# Why do centers seem flipped from guide despite centers not moving in relation to each other?

I've been struggling with the first step of the beginner Rubik's cube solving algorithm with one simple problem. I am able to get the top face as all white, with blue and orange center pieces adjacent to each other. However, in the guide, in order from top, left side, and right side, the colors are white, orange, blue.

However, in my cube, I have, in same order, white, blue, orange.

As someone even slightly more experienced than me can confirm, this is still a valid cube and I haven't somehow swapped its edges. I have tried to "swap" these centers in relation to each other for a while, and this doesn't seem to be possible. Even most sources say that centers cannot change in relation to each other:

There are algorithms for "swapping centers", but these involve "swapping" the top as well and cannot simply interchange the order of these. However, even in the very guide I'm following, one of the very steps involves a cube that has its center "swapped", as follows:

(as, if the cube were flipped, the order here would be white, blue, orange). Is there something really obvious I'm missing?

• Obviously your cube was imported from the land through the looking-glass. Commented Jan 25, 2022 at 20:47
• hah, agreed! lmao Commented Jan 26, 2022 at 1:37

One of my old and tattered cubes doesn't even have a white-orange-blue corner – white is opposite blue:

This is also not the scheme on official Rubik's cubes.

Never fix your mind to make a white cross, or any specific colour cross. Speedsolvers pay little attention to the explicit colours when solving, only the patterns formed by stickers of the same colour and the orientations and permutations of whole pieces per se. Be colour-agnostic, in short.

• this does kinda make sense, but I suppose I was most confused why on the original guide, with their shown illustration, they had a timeline of each step and somehow showed that they could go from the white, blue, orange cube to the yellow, blue, orange cube in the same one Commented Jan 26, 2022 at 1:39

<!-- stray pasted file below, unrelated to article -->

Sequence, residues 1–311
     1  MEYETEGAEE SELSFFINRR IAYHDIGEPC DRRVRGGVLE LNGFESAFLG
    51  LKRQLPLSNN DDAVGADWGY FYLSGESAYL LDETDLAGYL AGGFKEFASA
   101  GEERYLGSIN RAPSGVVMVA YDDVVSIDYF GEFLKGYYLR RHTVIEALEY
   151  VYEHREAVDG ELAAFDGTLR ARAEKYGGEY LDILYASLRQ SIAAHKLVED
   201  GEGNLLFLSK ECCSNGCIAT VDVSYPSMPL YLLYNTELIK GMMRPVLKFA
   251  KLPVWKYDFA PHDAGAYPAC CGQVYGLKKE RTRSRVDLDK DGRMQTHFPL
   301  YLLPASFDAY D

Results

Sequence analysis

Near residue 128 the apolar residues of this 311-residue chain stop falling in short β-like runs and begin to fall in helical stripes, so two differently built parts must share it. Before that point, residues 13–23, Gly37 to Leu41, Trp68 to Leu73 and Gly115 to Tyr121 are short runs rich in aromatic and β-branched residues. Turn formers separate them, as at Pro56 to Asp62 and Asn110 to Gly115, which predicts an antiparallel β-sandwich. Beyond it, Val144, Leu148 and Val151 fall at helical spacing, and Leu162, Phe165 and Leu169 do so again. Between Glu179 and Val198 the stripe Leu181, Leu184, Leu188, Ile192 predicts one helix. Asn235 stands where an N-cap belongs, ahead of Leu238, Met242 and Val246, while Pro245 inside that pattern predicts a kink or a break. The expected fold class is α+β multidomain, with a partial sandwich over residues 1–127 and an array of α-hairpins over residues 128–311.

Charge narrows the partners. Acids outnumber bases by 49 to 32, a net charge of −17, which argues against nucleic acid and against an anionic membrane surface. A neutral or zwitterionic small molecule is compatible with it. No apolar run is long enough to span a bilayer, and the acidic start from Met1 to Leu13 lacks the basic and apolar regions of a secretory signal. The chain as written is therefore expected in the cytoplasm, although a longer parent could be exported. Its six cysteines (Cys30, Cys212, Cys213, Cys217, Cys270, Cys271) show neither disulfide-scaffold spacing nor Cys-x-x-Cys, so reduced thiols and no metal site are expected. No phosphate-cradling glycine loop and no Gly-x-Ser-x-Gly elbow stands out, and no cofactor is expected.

• @Daneolog The explanation's the same: the colours themselves don't matter. Commented Jan 26, 2022 at 3:45

The images in the guide are bad. Well, one of them is at least. One shows white up with Orange on the left and blue on the right. The other shows yellow on top and orange is still on the left with blue on the right. While it's true that both would be valid cubes (custom color schemes are prevalent), you could never get both results on the same cube without disassembling it. My cube (indeed most cubes) are like yours, where if white is up, blue would be on the left and orange on the right.

Whoever was generating the images for the instructions just took a shortcut and didn't worry about the order of colors. It's possible they had the yellow-on-top image first, then copied it, changed yellow to white, and then greyed out some more stickers to get the white cross picture. After all, the diagram is only to show the general idea of what's going on (that the cross is done and the center upper side colors match the centers they're adjacent to). So the creators of the diagram weren't too worried about which color scheme was being used, only that the right colors matched.

I've generated some of my own pictures for visual tutorials, and it's always tempting to reuse diagrams from other steps like that.